Could Eating Disorders and Female Sexual Dysfunction Be Related?
Growing evidence from multiple studies has indicated an association between eating disorders and female sexual dysfunction (FSD). This means that women who struggle with an eating disorder may also struggle with FSD, and vice versa. Certainly, not all women with an eating disorder also experience FSD, but the symptoms of these two conditions co-occur in individuals often enough to warrant closer investigation.
What are eating disorders?
The three most common eating disorders are anorexia nervosa (AN), bulimia nervosa (BN), and binge-eating disorder (BED).
AN is a dangerous and possibly fatal condition that is characterized by extremely restricted eating, very low body weight, intense fear of gaining weight, and distorted body perception. Individuals with restrictive AN excessively limit their food and calories, while individuals with binge-purge AN severely restrict their food and calories but may also have binge eating and purging episodes. (A binge-purge episode occurs when a person eats a large amount of food in a short period of time, then uses self-induced vomiting, laxatives, diuretics, or enemas to purge the food).
BN is another serious condition in which an individual may experience an intense preoccupation with their body and weight. It is characterized by episodes of bingeing and purging. During a binge, a person may feel a lack of control over what types of food they choose and how much they eat. This then prompts a purging behavior (such as vomiting, excessive exercise, or the misuse of laxatives, diuretics, or enemas) due to feelings of guilt, shame, or fear of gaining weight. People with BN may be underweight, a normal weight, or overweight.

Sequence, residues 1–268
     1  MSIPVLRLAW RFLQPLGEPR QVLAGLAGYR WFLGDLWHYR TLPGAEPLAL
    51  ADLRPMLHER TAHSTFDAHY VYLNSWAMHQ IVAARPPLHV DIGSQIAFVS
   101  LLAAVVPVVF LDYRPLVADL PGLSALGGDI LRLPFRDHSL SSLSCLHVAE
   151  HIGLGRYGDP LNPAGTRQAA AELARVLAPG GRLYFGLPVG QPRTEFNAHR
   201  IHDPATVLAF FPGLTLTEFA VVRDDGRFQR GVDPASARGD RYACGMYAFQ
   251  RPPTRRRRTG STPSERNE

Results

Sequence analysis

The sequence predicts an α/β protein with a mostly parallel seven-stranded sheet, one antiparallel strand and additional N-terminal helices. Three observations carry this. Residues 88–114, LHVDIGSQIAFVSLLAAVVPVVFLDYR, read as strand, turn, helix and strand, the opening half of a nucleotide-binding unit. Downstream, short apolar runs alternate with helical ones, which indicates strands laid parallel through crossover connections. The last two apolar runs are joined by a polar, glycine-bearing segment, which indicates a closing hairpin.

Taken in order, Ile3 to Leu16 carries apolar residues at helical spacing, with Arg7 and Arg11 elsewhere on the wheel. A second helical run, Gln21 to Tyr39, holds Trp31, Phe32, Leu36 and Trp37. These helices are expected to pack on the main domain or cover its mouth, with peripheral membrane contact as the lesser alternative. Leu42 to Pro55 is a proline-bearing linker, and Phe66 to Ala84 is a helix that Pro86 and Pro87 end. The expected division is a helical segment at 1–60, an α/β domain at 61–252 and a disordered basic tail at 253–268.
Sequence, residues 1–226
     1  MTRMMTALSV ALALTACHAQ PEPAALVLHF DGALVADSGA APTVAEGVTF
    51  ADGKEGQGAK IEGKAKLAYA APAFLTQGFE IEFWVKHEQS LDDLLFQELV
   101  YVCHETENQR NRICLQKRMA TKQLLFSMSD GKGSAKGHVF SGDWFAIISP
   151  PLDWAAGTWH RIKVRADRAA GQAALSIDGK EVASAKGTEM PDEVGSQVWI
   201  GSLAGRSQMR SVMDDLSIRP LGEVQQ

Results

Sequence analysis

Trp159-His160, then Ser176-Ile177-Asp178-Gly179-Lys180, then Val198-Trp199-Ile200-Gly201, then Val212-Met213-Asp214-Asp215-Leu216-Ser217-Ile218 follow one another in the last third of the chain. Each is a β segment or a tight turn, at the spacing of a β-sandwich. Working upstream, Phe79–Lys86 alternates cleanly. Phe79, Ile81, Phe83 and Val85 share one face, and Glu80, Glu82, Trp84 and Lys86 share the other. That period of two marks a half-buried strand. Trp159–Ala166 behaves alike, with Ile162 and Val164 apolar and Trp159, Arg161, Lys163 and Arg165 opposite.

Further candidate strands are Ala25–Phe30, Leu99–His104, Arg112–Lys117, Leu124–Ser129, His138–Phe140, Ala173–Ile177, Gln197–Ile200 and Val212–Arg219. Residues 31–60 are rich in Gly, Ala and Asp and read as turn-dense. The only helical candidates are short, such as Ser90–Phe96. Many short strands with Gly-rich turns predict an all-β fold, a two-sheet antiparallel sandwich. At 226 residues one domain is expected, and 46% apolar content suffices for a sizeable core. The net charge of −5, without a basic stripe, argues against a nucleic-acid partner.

People with BED also experience a feeling of a lack of control over their eating that results in frequent occasions of overeating. These periods are not followed by purges, though they are often fraught with feelings of guilt, shame, and distress. BED is the most common eating disorder in the United States, and most individuals with BED are overweight.
What is the link between eating disorders and female sexual dysfunction?
While seemingly completely unrelated conditions, the frequent overlap of FSD and eating disorder symptoms has prompted researchers to look more closely at the possible association between the two.
One study of 242 women with a history of AN, BN, both, or an otherwise unspecified eating disorder found that nearly two-thirds of the participants reported a loss of sex drive and having sexual anxiety. When the aspects of their sexual function were compared to a sample of 202 German women without eating disorders in the same age range (18-32 years), the researchers found that a greater proportion of the women with eating disorders reported loss of libido, sexual anxiety, relationships without sex, and tension in their relationships.